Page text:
Bishop Budde got an earful from aggrieved Episcopal homosexuals across the country and posted them, nameless but heartfelt.

They variously accused Lucado of "homophobia", "abuse" and more. Here is a sample: "Inviting Mr. Lucado to preach at your pulpit was irresponsible. He does not share our view of Christ's Love. He puts people in the category of "other." He represents a tradition of white men in power who diminish women, gays, black and brown people, and anyone who resists their power. . . He represents a throughline to those who have used God's name to demean me -- because I am adopted from an unwed mother, because I am a survivor of sexual assault, because I am gay. With one action, you turned what I have valued as a safe space every Sunday since the start of the pandemic to one which -- at least for one Sunday -- was unsafe."

Mr. Lucado never touched on the topic, and there is not a shred of evidence that her accusations have any truth. Evangelicals focus on sin in general and preach salvation as the answer. One would be hard-pressed to believe that his church of 5,500 doesn't have divorced, homosexuals and people of color. Clearly, the fabled doctrine of inclusion and diversity only goes one way in TEC. Thou shalt not offend the homosexual effendi.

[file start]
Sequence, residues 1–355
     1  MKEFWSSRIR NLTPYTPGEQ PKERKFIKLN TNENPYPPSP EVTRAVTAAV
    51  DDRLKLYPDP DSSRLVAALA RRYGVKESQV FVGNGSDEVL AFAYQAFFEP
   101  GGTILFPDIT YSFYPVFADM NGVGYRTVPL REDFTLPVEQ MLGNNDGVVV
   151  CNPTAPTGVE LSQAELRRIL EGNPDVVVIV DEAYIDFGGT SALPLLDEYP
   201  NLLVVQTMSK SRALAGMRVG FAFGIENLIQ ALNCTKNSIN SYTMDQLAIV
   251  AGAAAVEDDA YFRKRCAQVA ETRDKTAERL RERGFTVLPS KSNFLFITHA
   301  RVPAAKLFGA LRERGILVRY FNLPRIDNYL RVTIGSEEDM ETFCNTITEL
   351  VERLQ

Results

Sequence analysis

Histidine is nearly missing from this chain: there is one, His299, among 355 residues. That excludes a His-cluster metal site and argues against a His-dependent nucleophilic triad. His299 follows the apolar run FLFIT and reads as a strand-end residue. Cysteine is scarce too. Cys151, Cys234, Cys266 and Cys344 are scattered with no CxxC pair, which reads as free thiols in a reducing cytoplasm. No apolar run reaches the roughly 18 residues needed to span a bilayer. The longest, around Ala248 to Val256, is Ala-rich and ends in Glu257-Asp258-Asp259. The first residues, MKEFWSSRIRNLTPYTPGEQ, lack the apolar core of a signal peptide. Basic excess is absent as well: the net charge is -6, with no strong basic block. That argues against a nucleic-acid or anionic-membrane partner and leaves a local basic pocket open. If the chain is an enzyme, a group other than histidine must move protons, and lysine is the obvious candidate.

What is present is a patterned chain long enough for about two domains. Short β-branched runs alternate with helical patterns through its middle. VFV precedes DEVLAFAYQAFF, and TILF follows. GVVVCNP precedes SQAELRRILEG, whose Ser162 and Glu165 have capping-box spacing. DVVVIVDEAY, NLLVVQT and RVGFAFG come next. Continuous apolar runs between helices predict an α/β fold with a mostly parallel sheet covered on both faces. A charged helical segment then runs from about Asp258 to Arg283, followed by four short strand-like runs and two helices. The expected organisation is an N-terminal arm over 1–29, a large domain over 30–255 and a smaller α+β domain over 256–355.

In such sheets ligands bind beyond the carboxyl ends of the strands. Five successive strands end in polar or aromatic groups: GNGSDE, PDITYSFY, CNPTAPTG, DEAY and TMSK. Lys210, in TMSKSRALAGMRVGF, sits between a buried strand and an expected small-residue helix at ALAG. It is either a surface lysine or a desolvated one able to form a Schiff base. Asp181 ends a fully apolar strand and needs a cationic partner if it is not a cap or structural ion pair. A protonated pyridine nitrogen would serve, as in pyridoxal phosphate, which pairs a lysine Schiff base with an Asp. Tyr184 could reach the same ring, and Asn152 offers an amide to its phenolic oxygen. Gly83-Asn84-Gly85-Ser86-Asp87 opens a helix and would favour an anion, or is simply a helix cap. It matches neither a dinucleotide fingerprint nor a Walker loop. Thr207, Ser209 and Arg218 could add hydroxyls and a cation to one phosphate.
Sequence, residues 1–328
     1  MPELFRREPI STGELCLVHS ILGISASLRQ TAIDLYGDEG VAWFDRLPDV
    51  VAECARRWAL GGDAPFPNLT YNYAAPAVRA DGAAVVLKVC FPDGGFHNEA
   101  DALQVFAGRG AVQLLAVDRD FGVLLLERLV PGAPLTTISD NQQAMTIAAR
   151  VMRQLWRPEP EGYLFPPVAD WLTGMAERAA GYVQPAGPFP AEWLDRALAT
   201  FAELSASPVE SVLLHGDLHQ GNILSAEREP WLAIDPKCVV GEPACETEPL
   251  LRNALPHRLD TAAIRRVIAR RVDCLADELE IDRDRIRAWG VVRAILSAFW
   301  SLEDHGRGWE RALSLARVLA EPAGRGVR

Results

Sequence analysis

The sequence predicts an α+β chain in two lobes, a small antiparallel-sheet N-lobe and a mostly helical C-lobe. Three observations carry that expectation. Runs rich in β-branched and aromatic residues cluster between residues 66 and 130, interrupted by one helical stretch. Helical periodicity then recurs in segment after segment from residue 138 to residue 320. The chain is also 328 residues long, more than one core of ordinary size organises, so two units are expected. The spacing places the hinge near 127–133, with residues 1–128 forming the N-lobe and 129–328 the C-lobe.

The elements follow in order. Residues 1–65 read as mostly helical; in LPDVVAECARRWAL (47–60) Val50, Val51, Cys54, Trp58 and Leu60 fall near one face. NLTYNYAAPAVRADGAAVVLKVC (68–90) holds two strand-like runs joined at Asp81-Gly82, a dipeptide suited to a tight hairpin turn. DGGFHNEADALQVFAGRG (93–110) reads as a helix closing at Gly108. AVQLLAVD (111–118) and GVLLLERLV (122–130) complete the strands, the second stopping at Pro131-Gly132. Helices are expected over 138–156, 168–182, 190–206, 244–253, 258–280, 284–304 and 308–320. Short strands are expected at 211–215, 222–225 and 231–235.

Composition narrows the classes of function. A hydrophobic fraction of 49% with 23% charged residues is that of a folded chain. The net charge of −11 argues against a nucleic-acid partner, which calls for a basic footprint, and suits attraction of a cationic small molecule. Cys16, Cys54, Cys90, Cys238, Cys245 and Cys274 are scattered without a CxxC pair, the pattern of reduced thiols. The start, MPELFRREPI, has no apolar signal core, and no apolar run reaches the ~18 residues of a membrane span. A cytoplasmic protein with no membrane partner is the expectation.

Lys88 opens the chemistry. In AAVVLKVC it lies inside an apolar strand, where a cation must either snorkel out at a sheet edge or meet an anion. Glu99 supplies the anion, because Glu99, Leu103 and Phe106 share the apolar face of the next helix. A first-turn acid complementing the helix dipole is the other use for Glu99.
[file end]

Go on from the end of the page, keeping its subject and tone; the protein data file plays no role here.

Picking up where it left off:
St. Paul, writing in 1 Corinthians says; "Do you not know that the unrighteous will not inherit the kingdom of God? Do not be deceived. Neither fornicators, nor idolaters, nor adulterers, nor [a]homosexuals, nor sodomites, nor thieves, nor covetous, nor drunkards, nor revilers, nor extortioners will inherit the kingdom of God. And such were some of you. But you were washed, but you were sanctified, but you were justified in the name of the Lord Jesus and by the Spirit of our God."

Writing to Timothy, Paul says, "We also know that the law is made not for the righteous but for lawbreakers and rebels, the ungodly and sinful, the unholy and irreligious, for those who kill their fathers or mothers, for murderers, for the sexually immoral, for those practicing homosexuality, for slave traders and liars and perjurers--and for whatever else is contrary to sound doctrine."

These texts say that "homosexuals" will not inherit the kingdom of God. Hence, the church cannot affirm same-sex relationships without abandoning the gospel.
The church cannot go against what Scripture forthrightly teaches without compromising its message and this it can never do.